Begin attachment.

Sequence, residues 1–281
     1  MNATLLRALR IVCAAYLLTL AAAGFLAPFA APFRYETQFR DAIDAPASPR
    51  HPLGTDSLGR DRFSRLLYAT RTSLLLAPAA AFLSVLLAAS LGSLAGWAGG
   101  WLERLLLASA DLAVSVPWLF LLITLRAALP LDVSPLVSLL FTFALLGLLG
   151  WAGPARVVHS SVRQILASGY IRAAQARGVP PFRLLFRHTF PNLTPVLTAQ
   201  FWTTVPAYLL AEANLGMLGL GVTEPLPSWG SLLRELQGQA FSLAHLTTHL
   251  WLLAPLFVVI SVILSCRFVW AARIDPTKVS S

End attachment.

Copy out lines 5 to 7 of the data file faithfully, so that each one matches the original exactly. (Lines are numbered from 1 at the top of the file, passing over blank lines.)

   151  WAGPARVVHS SVRQILASGY IRAAQARGVP PFRLLFRHTF PNLTPVLTAQ
   201  FWTTVPAYLL AEANLGMLGL GVTEPLPSWG SLLRELQGQA FSLAHLTTHL
   251  WLLAPLFVVI SVILSCRFVW AARIDPTKVS S